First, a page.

The gentle experimental nature of Walker’s set opened the stage perfectly for Owen Ashworth of Advance Base, who has been experimenting with several mediums since the 90s and during his former project Casiotone for the Painfully Alone. His first recording, taped on an answering machine, is still relevant of his style today: lo-fi and understated using outdated (to some) equipment and a modest setup. His live set matches perfectly the recordings you’d hear on his website, most of which he recorded himself, featuring samples initially created a decade ago and the same, familiar sound of a drum machine on songs like “Pamela” and “Christmas in Milwaukee.” Ashworth took a few minutes between songs to describe when they were written, the circumstances or the people behind the characters in the stories. One story of his particularly made the audience laugh, as he described being pulled over at the Canadian border and hoping the patchouli in his car would not be mistaken for drugs. At the end of the night, Ashworth packed up his Subaru once more to hit the road with his touring partner, his four-year-old daughter Rosie, to make their way back to Chicago.
What’s Up! Showcase: Kuvoza, Vervex, House of Blue Leaves, The Co Founder,
July 27 • The Shakedown
This month’s What’s Up! Showcase featured bands that have been a staple in the Bellingham community for a while, but their progression was encapsulated this night.
Kuvoza started off the set with dreamily dissonant, eerie guitar sounds backed by simplistic, steady drumbeats, punchy bass riffs and drawn out keys. The band’s stylistic choices are reminiscent of something you’d hear off a sci-fi movie trailer, or the dramatic scenes in Twin Peaks where the scoring builds upon itself. The self-proclaimed “psych prog pop” band has been playing more shows around town, so be sure to catch them soon.
Up next was Vervex, the brainchild of Jake Barrow, in full band form. What started, as a solo project has now become a full-fledged indie electronic collaboration featuring members of City Hall and the Co-Founder. Their sound is reminiscent of early Animal Collective-ish vocal styling with reverbed guitars, intricate, heart-pounding bass lines and dynamic, cymbal-heavy drum action.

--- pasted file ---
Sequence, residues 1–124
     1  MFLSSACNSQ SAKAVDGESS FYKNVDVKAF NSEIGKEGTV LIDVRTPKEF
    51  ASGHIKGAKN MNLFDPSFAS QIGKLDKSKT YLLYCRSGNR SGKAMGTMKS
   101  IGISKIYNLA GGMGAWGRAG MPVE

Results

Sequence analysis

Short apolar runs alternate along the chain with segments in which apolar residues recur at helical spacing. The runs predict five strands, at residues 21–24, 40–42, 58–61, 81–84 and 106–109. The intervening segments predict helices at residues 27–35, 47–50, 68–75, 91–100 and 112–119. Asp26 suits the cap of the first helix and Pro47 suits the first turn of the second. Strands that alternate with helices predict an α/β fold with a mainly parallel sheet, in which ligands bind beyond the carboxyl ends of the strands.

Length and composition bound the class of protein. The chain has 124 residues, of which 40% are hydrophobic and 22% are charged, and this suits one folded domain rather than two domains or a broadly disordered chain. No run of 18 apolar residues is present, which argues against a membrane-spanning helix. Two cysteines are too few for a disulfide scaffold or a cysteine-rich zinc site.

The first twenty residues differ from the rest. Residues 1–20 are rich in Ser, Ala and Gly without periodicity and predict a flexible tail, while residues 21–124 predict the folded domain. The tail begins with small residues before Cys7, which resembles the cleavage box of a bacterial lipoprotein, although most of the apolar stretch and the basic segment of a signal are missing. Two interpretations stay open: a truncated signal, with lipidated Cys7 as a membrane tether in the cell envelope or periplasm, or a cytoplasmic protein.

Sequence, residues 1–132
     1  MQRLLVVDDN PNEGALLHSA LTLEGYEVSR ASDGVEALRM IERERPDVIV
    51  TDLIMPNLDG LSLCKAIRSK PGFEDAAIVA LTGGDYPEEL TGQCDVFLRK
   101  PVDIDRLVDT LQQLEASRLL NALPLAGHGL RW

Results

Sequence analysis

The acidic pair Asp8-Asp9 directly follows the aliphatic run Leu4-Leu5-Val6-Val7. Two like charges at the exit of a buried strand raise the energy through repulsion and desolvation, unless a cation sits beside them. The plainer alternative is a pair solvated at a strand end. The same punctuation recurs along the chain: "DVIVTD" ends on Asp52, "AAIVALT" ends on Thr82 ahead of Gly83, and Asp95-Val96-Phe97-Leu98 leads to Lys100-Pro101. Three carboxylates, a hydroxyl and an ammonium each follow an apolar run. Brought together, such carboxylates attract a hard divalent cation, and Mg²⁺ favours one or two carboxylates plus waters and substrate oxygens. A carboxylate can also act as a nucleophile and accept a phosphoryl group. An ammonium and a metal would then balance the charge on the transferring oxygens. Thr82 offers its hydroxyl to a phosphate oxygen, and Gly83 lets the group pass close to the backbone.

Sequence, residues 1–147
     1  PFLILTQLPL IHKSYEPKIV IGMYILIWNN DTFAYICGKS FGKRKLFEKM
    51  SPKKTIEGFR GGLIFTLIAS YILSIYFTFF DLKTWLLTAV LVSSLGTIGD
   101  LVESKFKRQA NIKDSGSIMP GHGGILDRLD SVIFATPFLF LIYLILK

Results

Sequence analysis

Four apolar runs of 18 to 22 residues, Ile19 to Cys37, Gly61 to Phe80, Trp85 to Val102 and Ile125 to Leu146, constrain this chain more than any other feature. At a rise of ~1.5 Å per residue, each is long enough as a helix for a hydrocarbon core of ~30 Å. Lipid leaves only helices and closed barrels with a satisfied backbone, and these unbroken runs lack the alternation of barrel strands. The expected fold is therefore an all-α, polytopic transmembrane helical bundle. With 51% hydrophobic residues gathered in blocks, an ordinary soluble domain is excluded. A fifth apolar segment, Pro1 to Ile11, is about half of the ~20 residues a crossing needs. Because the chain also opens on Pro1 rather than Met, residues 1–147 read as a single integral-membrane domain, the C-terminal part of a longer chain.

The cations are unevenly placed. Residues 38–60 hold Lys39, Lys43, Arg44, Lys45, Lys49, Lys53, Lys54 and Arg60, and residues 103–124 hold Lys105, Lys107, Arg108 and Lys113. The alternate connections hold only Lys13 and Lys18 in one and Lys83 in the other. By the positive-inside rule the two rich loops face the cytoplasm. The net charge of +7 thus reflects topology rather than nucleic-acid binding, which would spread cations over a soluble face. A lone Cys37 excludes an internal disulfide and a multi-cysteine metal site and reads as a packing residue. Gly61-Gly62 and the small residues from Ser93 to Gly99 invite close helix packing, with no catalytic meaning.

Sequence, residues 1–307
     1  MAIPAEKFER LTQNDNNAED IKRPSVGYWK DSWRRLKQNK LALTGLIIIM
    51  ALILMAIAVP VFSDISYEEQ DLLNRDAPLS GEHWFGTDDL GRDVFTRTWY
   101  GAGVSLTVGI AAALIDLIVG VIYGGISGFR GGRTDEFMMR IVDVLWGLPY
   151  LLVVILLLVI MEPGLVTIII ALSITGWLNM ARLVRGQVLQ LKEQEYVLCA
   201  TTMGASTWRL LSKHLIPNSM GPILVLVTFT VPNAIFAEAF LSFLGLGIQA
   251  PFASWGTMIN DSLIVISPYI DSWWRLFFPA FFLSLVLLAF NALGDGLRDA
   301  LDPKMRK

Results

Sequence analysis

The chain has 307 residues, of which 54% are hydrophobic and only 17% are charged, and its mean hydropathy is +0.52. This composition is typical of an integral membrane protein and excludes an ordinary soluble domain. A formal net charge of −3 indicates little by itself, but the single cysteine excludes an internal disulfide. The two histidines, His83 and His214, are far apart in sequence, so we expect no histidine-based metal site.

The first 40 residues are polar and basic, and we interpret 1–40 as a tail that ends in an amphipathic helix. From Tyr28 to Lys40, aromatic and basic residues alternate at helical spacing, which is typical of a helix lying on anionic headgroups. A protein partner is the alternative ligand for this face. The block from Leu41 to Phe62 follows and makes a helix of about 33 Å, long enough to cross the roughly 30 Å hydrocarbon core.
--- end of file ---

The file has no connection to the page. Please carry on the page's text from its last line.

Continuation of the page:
Third up were House of Blue Leaves, another reverb-heavy outfit featuring blast beats, fast and intricate guitar riffs and powerful, terse lyricism. The band performed an energy-packed set when guitarist Alessandro Sondi DeCaro broke a guitar string and cut the set short to the dismay of the audience.
The Co Founder took the stage in its newest form, featuring drums and bass alongside Hayden Eller, turning his once-solo venture into a dynamic trio. Vervex’s Jake Barrow provides a whole new element to the band, hitting the floor toms and cymbals with both precision and strength, while the bassist Luke Hogfoss provided subtle but unique bass lines.
Closing the night was one of Bellingham’s favorites, Candysound. The dynamic indie pop outfit has added new members in the last year, gaining Brendan Silk on bass and Erik Takuichi Wallace on drums, forming a collective of some of Bellingham’s most skilled artists. Playing some older songs off their album released last year, Candysound closed out the night with an audience-rousing set, featuring playful guitar riffs from both Teo Crider and Jesse Cohen, loud and complex drum beats from Wallace that syncopated with the Silk’s bass lines. It was a solid way to end the night.
Published in the August 2016 issue of What’s Up! Magazine